Project Management Institute

The virtual handshake



In the future, traditional meetings will cease to exist. All face-to-face meetings will be recorded digitally for easy reference. Project teams that meet virtually will use broad bandwidth to capture video, audio and text along all information channels. The contents of the video and audio streams will be tagged automatically, allowing users to find and access pertinent data quickly.



Virtual collaboration technology helps companies improve global performance, but only if the project team is ready to take advantage.

With multiple stakeholders at varying comfort levels, establishing rapport and trust among the project players can be challenging.

You must recognize the limitations of your staff, your infrastructure and your customers' capabilities to choose a system that works.

To build an efficient network, you must establish how all team members will use the system. Technology can hide conflict and doesn't guarantee solid change management.

Before making an investment, take the time to research your options—best-in-class may be more advanced than you really need.




When choosing a collaboration system, you have to look for the best fit. The top 10 decisions, according to Dennis Smith, president, CompanySmith Inc., are:

img Synchronous Versus Asynchronous Use

img E-mail Integration

img Server-based or Peer-to-Peer

img Provider-Hosted (ASP) or Self-Hosted

img Ad Hoc or Scheduled

img Real-Time or Archival

img Support of Proprietary Document Formats

img Firewall Friendliness

img Supplier Viability

img Internet Access Reliability.


With virtual technology, there are new ways you can have a lousy meeting. We haven't built organizational norms to mitigate that.

The future is now.

Collaboration software provider Quindi Corp., Palo Alto, Calif., USA, already has deployed this application with Veritas Software Corp., which is using it to share information with its development team in Pune, India. Essentially, the technology captures the entire life of a project, enabling teams to work together seamlessly. “We're trying to make our employees in Pune feel exactly like they're next door, as much part of our team as the people down the hall,” says Tom Battle, Mountain View, Calif., USA-based senior manager of engineering for Veritas. “When you're separated by 12 hours and 12,000 miles, that's hard to do.”

Virtual collaborative technology holds great promise, especially in a competitive global climate. Companies are beginning to see an integrated, distributed workflow that's more modular and unbundled, according to Ross Dawson, CEO, Advanced Human Technologies, Sydney, Australia, and San Francisco, Calif., USA, and author of Living Networks. “Connectivity is driving globalization and the rise of an economy based on the flow of information and ideas,” Dawson says. “Clients are expecting transparency—they want to see how the work is done. For example, Xbox is made by Flextronics for Microsoft, which wants visibility all the way to shop floors in China, Mexico and Hungary. We're also blurring boundaries between organizations.”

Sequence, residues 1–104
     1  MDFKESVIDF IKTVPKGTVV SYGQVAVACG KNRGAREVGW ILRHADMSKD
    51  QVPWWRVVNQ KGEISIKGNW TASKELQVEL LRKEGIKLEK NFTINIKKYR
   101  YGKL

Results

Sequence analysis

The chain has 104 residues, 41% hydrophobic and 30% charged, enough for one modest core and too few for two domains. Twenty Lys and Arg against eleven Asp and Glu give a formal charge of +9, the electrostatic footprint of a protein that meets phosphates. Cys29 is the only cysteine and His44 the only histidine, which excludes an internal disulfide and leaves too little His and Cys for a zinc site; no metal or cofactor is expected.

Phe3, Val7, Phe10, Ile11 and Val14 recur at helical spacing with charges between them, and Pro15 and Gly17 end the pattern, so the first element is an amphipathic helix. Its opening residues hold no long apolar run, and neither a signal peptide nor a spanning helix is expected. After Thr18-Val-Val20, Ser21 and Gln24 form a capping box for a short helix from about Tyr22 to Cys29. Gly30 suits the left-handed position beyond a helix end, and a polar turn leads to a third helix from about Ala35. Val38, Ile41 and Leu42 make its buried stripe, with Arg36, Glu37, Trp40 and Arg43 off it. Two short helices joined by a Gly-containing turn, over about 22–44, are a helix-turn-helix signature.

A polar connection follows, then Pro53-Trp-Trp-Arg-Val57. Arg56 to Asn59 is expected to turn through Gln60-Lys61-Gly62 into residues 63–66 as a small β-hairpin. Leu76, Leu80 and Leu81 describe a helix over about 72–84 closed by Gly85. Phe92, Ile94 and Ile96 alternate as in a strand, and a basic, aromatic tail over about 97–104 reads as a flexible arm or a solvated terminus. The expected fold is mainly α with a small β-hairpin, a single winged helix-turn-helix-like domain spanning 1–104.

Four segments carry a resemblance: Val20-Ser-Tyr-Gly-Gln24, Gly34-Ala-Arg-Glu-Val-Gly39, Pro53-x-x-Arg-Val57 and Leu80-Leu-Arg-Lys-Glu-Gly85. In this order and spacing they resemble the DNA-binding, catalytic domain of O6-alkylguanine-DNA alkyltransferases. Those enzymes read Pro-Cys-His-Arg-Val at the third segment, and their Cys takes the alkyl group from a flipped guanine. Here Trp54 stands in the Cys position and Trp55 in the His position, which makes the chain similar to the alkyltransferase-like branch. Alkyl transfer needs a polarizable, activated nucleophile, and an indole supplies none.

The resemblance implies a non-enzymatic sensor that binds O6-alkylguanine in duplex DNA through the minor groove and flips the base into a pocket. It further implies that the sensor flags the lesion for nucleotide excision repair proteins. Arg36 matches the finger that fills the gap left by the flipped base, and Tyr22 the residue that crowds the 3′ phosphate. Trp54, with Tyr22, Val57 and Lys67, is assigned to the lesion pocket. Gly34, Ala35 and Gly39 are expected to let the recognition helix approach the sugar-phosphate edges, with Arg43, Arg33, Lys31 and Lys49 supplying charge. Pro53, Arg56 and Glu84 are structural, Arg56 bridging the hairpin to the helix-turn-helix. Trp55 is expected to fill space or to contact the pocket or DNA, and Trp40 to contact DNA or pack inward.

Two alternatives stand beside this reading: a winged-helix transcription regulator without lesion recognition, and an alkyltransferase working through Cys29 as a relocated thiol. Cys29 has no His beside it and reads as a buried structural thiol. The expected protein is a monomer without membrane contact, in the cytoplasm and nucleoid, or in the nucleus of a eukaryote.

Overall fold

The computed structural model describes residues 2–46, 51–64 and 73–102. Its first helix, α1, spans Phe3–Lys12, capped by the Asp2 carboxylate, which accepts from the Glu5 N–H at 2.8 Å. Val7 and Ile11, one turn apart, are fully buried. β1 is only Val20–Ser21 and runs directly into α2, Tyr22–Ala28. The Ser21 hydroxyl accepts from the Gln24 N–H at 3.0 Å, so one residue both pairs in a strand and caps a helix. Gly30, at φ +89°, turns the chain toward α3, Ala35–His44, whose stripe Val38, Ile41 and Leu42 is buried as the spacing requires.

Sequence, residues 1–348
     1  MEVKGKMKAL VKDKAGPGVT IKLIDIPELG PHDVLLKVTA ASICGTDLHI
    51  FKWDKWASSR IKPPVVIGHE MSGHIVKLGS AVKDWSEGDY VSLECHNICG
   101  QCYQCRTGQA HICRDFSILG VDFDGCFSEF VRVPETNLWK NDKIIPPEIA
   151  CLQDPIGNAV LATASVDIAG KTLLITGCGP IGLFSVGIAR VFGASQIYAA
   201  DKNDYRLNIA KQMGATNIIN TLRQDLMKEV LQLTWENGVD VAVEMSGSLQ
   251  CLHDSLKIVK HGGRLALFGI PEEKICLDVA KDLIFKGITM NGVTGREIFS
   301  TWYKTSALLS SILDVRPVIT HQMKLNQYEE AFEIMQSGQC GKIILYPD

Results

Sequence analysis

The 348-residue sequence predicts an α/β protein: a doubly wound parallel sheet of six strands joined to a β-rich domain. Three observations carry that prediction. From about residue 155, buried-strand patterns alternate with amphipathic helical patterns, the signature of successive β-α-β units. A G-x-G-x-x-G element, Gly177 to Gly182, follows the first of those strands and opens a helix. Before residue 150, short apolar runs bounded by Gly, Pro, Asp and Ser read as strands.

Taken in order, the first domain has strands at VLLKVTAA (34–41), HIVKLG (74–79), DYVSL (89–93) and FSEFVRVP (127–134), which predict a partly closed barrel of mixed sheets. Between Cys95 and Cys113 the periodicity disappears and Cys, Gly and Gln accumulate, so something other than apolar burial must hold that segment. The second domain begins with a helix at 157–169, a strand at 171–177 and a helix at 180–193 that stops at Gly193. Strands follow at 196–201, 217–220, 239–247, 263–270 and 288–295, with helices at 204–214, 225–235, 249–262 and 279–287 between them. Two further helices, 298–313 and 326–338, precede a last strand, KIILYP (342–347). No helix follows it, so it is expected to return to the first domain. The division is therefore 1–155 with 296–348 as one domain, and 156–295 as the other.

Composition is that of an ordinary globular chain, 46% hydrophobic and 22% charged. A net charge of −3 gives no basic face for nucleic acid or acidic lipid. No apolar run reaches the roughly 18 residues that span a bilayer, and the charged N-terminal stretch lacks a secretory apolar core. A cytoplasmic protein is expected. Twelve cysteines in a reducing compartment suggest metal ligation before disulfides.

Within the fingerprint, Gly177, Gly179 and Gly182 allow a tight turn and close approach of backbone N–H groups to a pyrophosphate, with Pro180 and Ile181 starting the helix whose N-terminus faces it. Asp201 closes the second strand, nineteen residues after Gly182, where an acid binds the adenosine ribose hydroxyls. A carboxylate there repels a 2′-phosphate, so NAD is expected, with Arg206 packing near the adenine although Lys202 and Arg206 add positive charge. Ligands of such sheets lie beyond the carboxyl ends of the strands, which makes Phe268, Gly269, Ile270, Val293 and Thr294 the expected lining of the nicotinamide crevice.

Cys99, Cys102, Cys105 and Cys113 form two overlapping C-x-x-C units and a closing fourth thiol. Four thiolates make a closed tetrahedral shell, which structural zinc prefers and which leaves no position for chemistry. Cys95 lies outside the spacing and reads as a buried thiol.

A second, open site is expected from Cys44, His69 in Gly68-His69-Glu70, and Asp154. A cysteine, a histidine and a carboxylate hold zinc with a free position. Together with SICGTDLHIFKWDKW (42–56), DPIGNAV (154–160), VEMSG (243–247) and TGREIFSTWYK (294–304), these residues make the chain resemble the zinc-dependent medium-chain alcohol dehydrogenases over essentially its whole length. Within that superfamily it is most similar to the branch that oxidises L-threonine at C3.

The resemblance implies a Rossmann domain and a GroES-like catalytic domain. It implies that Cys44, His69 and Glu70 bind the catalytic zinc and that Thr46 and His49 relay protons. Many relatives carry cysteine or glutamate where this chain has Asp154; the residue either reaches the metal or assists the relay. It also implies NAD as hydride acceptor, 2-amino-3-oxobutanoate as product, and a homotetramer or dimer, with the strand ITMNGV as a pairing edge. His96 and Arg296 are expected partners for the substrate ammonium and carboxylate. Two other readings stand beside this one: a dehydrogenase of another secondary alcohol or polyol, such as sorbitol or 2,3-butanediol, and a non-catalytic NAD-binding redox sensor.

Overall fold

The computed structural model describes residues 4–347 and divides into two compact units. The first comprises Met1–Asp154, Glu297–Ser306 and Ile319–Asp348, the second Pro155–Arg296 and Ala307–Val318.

Virtual collaboration helps companies improve performance, communicate, collaborate and motivate across boundaries. Given what firms stand to gain, you'd expect executives to jump in with both feet, but that's not the case. “The power of today's collaborative technologies is beyond our current willingness to use it,” Dawson says. “In terms of potential, it's constrained by buy-in. The technological foundation is already there, but we need to change our culture and implement clearer business processes.”

Human Nature

Essentially, collaborative systems are best used in any industry where companies have dispersed teams or partner with outside firms. For example, one specialized application is the virtual deal room, primarily used in mergers, acquisitions, and accounting and legal firms. Law firm Gray Cary, San Diego, Calif., USA, has implemented a series of virtual deal rooms, in which an Internet database serves as a document repository. Lawyers can request a configured deal space that can be produced on the fly, in 12 to 24 hours, to work with a client. Lawyers have a basic system so they and clients can access key documents online. “The system's not used in a highly sophisticated way, but it's still valuable,” Dawson says.



COMPANY: Sprint Corp., Overland Park, Kan., USA, a global communications provider serving more than 26 million customers in more than 70 countries

BACKGROUND: In 2001, Sprint needed to integrate its customer data and billing with customer care. To accomplish this data migration, the project team, which included Sprint, its billing vendor and an affiliate partner, Golfcoast Wireless, needed close cooperation. The project was to be accomplished in three U.S. locations: Overland Park, Cincinnati, Ohio, and Baton Rouge, La.

PROCESS: The team used virtual collaboration tools to ensure coordinated delivery. Although the project kickoff included face-to-face meetings allowing the team to step through the joint application design phase, members relied on conference calls, e-mails and other virtual tools going forward.

OUTCOME: The project was delivered on time and under budget. In the end, there were a few data discrepancies that needed to be cleaned up, but the team easily worked through them after implementation using conference calls.

LESSON LEARNED: Don't rely solely on tools—you need to develop effective personal communications with the project team. Don't go too long without any kind of face-to-face interaction.




The tools have to be accessible to everyone on the project team. You have to think about people's ability to configure the tool to get better productivity out of it.